Bill Abbott, the chief executive of Crown Media Family Networks, which owns the Hallmark Channel, tried to defend these decisions. “It’s hard if we start to . . . make movies based off of specific holidays . . . because we don’t look at Christmas from a religious point of view, it’s more a seasonal celebration,” he said on the Hollywood Reporter’s “TV’s Top 5” podcast, explaining that the network wanted to attract “the broadest audience” possible. But Christmas specifically commemorates the birth of Jesus Christ each Dec. 25. It is not some secular, universal celebration of long winter nights. That a Hollywood executive could claim that Christmas is “neutral,” and holds a universal meaning for all viewers, proves just how all-encompassing and inescapable Christian traditions have become.

The sheer ubiquity of Christmas is exactly what makes these plotlines so implausible. It’s hard to imagine a Jewish character who wouldn’t know how to celebrate the major holiday of America’s dominant religion. We are bombarded by Christmas! TV ads, movies and Mariah Carey singles have prepared us for this situation, should it ever arise: We could decorate a pine tree and put presents under it; we know to leave milk and cookies for Santa; we know the words to all the Christmas carols by heart. It would be much more believable if a Christian character didn’t know how to celebrate Hanukkah, struggling with singing the words to a Hebrew song, lighting a menorah (light from left to right, but insert the candles each night from right to left) and reading the dreidel after it stops spinning and knowing whether to put the gelt — chocolate coins — into the pot or take them out.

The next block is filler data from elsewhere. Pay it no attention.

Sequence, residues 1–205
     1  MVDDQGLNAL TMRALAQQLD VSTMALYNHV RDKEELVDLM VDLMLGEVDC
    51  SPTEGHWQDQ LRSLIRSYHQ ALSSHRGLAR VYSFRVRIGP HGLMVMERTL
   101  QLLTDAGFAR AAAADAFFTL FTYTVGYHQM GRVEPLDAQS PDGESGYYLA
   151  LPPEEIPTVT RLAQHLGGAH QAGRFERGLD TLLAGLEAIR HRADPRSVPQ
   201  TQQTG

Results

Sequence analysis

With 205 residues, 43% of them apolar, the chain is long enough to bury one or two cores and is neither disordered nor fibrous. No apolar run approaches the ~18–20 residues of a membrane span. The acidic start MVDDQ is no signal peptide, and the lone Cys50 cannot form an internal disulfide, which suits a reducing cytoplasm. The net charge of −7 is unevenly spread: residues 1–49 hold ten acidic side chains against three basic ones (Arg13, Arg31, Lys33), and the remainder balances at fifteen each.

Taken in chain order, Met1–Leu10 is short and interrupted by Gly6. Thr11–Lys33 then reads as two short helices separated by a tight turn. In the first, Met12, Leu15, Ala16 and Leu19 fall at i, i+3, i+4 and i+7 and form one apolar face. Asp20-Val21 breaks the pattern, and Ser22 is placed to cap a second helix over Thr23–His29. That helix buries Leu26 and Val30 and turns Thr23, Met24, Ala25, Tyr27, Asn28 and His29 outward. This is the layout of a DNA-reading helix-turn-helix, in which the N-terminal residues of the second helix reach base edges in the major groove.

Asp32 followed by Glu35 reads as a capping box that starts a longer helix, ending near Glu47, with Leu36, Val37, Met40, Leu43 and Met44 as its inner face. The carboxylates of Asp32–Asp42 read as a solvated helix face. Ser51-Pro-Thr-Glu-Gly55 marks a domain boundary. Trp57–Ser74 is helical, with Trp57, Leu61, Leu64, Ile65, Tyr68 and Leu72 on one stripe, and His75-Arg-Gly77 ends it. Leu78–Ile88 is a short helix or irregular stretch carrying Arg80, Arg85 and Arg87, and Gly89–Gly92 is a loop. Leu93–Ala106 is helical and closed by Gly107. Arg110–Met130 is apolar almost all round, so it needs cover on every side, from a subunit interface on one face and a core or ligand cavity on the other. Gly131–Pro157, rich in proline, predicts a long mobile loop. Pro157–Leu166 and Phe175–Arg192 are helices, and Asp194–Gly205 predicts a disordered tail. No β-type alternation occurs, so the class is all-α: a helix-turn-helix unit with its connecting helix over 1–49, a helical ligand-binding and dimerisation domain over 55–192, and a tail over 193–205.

Hallmark is far from avoiding controversy with these choices, as Abbott claimed in his interview. And it’s difficult to take these movies seriously as representations of interfaith families, when they consistently depict Jewish characters adopting Christian rituals, and so rarely honoring their own, in their own right. At their worst, these movies traffic in bigoted stereotypes at a time when anti-Semitic hate crimes are on the rise and elected officials are reading from “Mein Kampf” on the floor of Congress, as Rep. Mo Brooks (R-Ala.) did in March. At best, they remind Jews, and all non-Christians, that we can join in the holiday spirit only if we capitulate to the mainstream. In the same way we have to go searching for the small shelf of Hanukkah decorations — like a dish towel with dreidels on it or a droopy “Happy Hanukkah” banner (bonus points if the name of the holiday is misspelled or the store display features boxes of matzoh) — among the endless aisles of Christmas lights, tokenizing media just reinforces the idea that we are niche, inconvenient and uninteresting.

I, for one, would prefer to have been overlooked by the network rather than handed down insulting content that treats me as an afterthought or as an obstacle to someone else’s celebration. All I want this holiday season is a movie that doesn’t conscript me into Christmas cheer. Instead, give me the low-stakes Hanukkah drama I’ve been waiting for all my life.

Read more: